Latin America's gradual shift towards liberalisation has taken a step backwards with Argentina moving to protect its renationalised flag carrier as it attempts to restructure.
Uruguay's Pluna has been blocked from launching new routes to the country by the Argentinean government, which sees Pluna as stealing from Aerolineas Argentinas passengers that are travelling from regional cities in Argentina to Brazil. The Uruguayan government has accused its Argentinean counterpart of violating their bilateral by denying new traffic rights to Pluna, which relies heavily on transfer traffic as part of a new strategy focusing on regional connections. The dispute is unlikely to be resolved anytime soon and has forced Pluna to adjust its expansion strategy.
Pluna is now redirecting capacity that had been earmarked to open up Trelew and other new destinations in Argentina to Paraguay, where it aims to eventually operate a mini-hub at Asuncion starting with flights to Santiago in Chile and Santa Cruz in Bolivia. "It's difficult politically right now in Argentina so we're better off focusing on Asuncion," says Pluna chief executive Matias Campiani. "We're trying to focus now on point-to-point flights from Asuncion [but] our long-term vision is a regional hub in Paraguay. Asuncion is not well served, it doesn't have a national carrier and geographically it has the perfect location in the middle of South America."
Other carriers could also be affected by Argentina's new protective policy as the government wants to ensure Argentineans living outside Buenos Aires fly on Aerolineas via Buenos Aires when travelling overseas rather than on foreign carriers, who typically offer faster connections via hubs such as Santiago, Sao Paulo, Montevideo and Panama City. "This is not traditional thinking," says Copa chief executive Pedro Heilbron. "It's all positive to have service to secondary cities."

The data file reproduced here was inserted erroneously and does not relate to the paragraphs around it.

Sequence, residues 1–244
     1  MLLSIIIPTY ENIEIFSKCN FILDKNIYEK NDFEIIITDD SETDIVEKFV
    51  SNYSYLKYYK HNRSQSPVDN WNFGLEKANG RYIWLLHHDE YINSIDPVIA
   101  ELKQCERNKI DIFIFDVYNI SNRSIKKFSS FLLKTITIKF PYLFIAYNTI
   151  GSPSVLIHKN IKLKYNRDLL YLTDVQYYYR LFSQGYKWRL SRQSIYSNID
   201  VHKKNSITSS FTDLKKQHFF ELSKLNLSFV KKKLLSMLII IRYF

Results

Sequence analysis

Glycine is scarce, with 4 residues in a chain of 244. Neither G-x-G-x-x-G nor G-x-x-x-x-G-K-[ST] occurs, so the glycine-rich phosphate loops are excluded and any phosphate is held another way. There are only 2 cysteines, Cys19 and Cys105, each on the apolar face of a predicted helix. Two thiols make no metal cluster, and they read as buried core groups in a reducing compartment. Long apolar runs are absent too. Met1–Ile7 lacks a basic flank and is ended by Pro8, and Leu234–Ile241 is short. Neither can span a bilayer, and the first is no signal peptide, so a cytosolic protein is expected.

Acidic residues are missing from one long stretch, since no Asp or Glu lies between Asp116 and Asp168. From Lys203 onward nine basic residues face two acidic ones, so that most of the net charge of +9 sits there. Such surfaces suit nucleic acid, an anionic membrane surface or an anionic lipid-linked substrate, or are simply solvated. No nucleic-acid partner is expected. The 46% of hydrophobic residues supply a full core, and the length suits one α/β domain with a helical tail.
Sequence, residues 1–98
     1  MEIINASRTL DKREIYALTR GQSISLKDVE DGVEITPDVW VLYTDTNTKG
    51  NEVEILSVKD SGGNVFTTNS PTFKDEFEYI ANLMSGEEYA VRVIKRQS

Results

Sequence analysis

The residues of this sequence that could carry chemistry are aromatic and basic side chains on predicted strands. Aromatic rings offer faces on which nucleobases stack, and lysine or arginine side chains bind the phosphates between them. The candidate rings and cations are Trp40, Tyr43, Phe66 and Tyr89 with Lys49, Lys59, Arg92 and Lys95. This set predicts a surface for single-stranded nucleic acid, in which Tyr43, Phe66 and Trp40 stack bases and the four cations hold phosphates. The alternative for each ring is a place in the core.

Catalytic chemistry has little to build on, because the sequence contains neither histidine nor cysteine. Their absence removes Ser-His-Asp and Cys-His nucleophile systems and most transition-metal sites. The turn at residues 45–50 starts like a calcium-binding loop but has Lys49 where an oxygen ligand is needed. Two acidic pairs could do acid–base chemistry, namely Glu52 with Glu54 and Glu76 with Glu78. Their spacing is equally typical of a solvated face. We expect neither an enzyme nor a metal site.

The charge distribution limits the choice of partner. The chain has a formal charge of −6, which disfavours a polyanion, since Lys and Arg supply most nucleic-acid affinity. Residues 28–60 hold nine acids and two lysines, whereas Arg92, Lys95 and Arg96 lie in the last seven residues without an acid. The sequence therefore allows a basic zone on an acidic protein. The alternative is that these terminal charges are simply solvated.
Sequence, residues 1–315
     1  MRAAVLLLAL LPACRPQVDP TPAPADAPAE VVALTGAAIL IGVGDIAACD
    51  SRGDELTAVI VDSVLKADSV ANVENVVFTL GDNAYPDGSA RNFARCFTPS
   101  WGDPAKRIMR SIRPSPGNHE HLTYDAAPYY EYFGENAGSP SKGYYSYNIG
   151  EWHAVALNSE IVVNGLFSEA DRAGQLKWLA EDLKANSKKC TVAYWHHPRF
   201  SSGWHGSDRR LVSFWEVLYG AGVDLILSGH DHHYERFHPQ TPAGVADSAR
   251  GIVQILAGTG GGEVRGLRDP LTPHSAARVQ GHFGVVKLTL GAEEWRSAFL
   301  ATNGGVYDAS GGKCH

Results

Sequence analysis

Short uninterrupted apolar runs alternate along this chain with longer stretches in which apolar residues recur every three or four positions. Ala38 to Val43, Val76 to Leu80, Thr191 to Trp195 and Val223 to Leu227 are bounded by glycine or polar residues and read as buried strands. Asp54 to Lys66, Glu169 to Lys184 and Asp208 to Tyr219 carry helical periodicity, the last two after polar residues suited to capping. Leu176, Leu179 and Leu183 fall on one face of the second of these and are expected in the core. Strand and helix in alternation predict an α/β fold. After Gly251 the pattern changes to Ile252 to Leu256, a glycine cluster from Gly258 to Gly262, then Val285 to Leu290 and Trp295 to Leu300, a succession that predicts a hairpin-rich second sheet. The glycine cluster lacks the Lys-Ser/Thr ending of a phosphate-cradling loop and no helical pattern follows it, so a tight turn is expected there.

Copa launched services in 2007 from its Panama City hub to Cordoba, giving Argentina's second largest city better connections to Central and North America and the Caribbean. Heilbron says the service has proven to be beneficial to Cordoba's economy.
Argentina's new closed door policy represents a major change as earlier liberalisation allowed Chile-based LAN to launch domestic operations in Argentina in 2005. LAN Argentina now serves all the major domestic routes as well some key international routes including Miami.
"It's not easy to talk about Argentina as we're in a sensitive position with 30% of the domestic market," says LAN chief executive Enrique Cueto, but acknowledging: "The concern is if the government doesn't see strong numbers out of Aerolineas they will try to prevent the growth of LAN Argentina."
However, Cueto adds LAN is "comfortable" with the network it has built up in Argentina anddoes not believe the government will force LAN Argentina to cut what it has already launched. "In general we have a good relationship with the Argentina government," he says. "We have a lot of service there. There are some problems but they understand we are a political solution to them if they have problems with Aerolineas' unions."